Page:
Not long after Doyle and Crow move in together, Crow is called by the police to help investigate the scene of a murder. Doyle comes along and recognizes the dead man’s body. He is none other than Enoch J. Drebber, the revolting Salt Lake City businessman Doyle encountered on the airship. Soon Doyle is attending other crime scenes and becoming enmeshed in Crow’s penchant for mystery solving.
Crow is the character inspired by Sherlock Holmes. He loves puzzles and is obsessed with them, poring over newspapers day and night (angels don’t need sleep) to track investigations. He helps the police with tough cases when they request his help and grouses when they do not. Crow is more perceptive than the police, but there are big gaps in his knowledge when it comes to things like what human beings consider polite. He always means well, though.
Doyle is the Watson figure. He is irascible and very vulnerable, because he believes that if the full truth about him were known no one would accept him. He fears Crow will discover everything. Still, Crow is so kind (though at first it’s not clear whether his kindness is a mannerism or motivated by genuine empathy and liking) and Doyle is so lonely that Doyle cannot help but get closer to Crow, like a shivering man nearing a warm fireplace.
Through this acquaintance, Doyle becomes more than a sounding board for Crow’s crime solving. He starts to observe clues and think through what they might mean, and he gets better at this. Not every mystery in the book is solved by Crow, although Crow solves most of them and is better at deduction than Doyle.
There is a bit of mystery about Crow as well. He doesn’t look like other angels and whereas most angels need a habitat to survive and cannot leave their habitats, Crow has no habitat and can come and go as he pleases. Eventually we learn why.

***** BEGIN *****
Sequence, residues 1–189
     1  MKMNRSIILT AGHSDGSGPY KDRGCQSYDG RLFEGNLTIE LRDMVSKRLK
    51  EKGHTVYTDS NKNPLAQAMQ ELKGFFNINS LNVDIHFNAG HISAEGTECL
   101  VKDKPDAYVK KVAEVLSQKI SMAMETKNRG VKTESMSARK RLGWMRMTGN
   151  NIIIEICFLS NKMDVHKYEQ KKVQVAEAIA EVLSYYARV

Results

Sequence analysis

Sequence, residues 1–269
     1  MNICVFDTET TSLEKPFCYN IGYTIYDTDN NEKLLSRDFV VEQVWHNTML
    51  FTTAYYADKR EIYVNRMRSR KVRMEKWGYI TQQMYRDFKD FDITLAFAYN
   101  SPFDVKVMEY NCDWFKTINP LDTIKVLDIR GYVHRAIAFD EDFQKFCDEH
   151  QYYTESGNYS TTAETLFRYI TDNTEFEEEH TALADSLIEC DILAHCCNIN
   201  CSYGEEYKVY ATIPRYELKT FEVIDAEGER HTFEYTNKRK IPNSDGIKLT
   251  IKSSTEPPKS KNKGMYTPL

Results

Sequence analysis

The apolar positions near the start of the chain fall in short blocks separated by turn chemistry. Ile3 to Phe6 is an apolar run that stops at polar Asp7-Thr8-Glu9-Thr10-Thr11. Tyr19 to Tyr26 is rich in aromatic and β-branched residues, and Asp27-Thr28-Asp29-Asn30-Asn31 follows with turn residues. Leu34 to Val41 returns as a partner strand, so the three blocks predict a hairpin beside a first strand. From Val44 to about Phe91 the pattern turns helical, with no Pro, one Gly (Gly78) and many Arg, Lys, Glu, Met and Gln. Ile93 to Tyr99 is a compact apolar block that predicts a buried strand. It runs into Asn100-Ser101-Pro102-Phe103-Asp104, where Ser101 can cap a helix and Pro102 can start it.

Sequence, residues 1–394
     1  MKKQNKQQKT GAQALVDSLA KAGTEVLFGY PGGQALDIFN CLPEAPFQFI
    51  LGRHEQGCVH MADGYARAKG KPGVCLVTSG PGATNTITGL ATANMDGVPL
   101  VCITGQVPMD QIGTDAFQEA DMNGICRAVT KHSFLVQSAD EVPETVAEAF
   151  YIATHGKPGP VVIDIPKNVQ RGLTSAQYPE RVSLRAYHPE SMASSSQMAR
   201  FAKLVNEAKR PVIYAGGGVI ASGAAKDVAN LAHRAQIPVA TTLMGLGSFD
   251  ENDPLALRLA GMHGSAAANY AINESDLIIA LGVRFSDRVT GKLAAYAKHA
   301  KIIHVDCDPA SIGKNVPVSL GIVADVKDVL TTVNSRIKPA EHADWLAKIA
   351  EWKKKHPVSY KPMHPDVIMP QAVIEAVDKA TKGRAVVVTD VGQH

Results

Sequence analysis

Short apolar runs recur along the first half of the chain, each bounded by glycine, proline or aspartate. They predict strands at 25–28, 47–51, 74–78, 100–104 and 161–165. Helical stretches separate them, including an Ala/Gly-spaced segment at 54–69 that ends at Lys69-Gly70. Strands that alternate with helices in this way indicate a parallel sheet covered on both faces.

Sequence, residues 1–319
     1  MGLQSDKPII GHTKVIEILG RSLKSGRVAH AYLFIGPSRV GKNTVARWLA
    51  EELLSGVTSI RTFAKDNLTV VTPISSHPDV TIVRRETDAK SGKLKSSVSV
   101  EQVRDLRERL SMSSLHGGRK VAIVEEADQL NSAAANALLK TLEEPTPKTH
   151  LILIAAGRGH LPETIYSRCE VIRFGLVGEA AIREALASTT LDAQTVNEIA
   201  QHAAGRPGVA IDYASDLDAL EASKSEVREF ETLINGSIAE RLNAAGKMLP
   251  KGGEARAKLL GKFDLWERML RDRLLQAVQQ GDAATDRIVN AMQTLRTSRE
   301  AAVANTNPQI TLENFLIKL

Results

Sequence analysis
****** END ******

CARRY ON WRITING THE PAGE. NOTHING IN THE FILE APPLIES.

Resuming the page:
The main, overarching plot of the novel is about Crow and Doyle’s relationship and how it develops from that of strangers who room together to that of close, loyal friends. This is touching and heartwarming and in that way, reminded me of The Goblin Emperor. The other part of the overarching plot is a search for a man who has been murdering and carving up prostitutes, dubbed Jack the Ripper. That investigation gets grisly, but the tenderness of Crow’s friendship with Doyle is a buffer from the horrifying aspect of the violence. The lovable nature of Crow and Doyle comes through strongly in these sections.
Within this overarching plot, episodic subplots are clustered and each involves a different investigation. These are heavily influenced by Arthur Conan Doyle’s original Sherlock stories, except that fantastical elements are woven into them. So for example, the dead Lucy in the book’s riff on A Study in Scarlet is an angel, and the hound in the episode patterned after The Hound of the Baskervilles is a hellhound.